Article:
Medical technologies marry software and hardware
Need help tracking calories? Want an avatar to do crunches with you? You have options — the number of “mHealth” apps has quadrupled in the last four years. The Android and Apple iTunes stores offer over 165,000 apps to help us develop and maintain habits for good health.
Software developers are in high demand in the health industry and they are being put to work on much more than apps for your phone. Over time, paper-based health records are being replaced with electronic systems. Imaging software paired with sophisticated diagnostic equipment now offers health care professionals 3D and 4D visualization to diagnose with higher degrees of confidence, monitor disease progression, and gauge responses to therapy. Medical applications for 3D printers is growing from surgical planning to custom-designed implantable devices like hearing aids or prosthetics that can be tailored to the patient.
It still takes a human touch
Software and hardware don’t interface alone with patients. Diagnostic medical sonographers who capture these images represent a category of health care support jobs that are growing at a healthy rate of 24 percent over the next few years. Sophisticated equipment must not only be operated by skilled technicians, they also require maintenance by medical equipment repairers who often employ specialized computer software to calibrate the machines. Some of these jobs require engineering and biomedical backgrounds.
Overall, the advanced medical technology industry directly employs more than 500,000 Americans in large and small communities across the country, paying 1.85 times the national average. The industry touches all of our lives; its indirect employment network extends to more than 1.9 million jobs dispersed in all fifty states.
U.S. advanced medical technologies lead the world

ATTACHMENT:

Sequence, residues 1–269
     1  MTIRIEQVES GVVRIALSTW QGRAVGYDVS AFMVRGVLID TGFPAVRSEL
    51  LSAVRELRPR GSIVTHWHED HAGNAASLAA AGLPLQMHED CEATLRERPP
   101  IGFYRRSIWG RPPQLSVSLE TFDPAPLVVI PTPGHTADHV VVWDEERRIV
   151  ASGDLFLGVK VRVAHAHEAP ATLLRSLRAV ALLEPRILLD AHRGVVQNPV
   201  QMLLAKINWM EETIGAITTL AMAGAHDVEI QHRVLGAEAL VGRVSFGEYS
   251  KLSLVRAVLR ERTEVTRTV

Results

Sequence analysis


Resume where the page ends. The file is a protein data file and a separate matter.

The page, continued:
The U.S. industry leads the world in translating scientific discoveries into new medical tools and products to improve health outcomes. Americans excel at the production of medical devices, which is a good thing because Americans also consumes around 45 percent of the global demand for medical technologies according to 2014 U.S. Government Accountability Office statistics. Europe, Japan, and Canada are also large and lucrative markets for U.S. medical technologies. But they are mature markets. The double digit growth for medical technologies is in the major developing countries.
Despite the challenge of having large swaths of their populations underserved, access to healthcare in countries such as China and India is improving, especially in urban centers. Countries such as Nigeria and Kenya are building more hospitals and see value in equipping them with the highest-quality medical diagnostics and devices — a reliable machine with higher throughput of patients can save money and provide better patient outcomes over the long run. American producers have earned their favorable reputations for innovation and quality. One of the biggest barriers is that banks are reluctant to finance these capital investments by hospitals in developing countries, but regulatory hurdles are a close second.
Conformis.com: image to implant process
Growing overseas markets keeps U.S. jobs well
Global demand for American medical products generated more than $49.2 billion in export value in 2015. But we can do even better with improved market access. Many foreign governments maintain cumbersome and duplicative systems to register and secure approval to import medical technologies. Some governments impose unnecessary requirements to locate research, development, and manufacturing overseas or fail to adequately protect American intellectual property in medical technologies.
Regulatory cooperation promoted by trade agreements is helpful to overcoming these barriers to spreading innovative, high-quality U.S. medical technologies. So the next time you refill your prescription using a pharmacy app on your phone, undergo a CT scan, or hear of someone receiving a custom, 3D-printed knee replacement, remember that access to new and growing markets overseas helps American workers in the life sciences sector stay well.
Export value derived from the U.S. Department of Commerce Census Bureau Manufacturing & International Trade Report: 2015 and represents the total export value across NAICS codes 325413, 334510 and 339112-15.
Andrea Durkin is the Editor-in-Chief of TradeVistas and Founder of Sparkplug, LLC. She is a nonresident Senior Fellow at the Chicago Council on Global Affairs and an adjunct fellow with CSIS. Ms. Durkin previously served as a U.S. Government trade negotiator and has proudly taught International Trade for the last fourteen years as an Adjunct Associate Professor at Georgetown University’s Master of Science in Foreign Service program.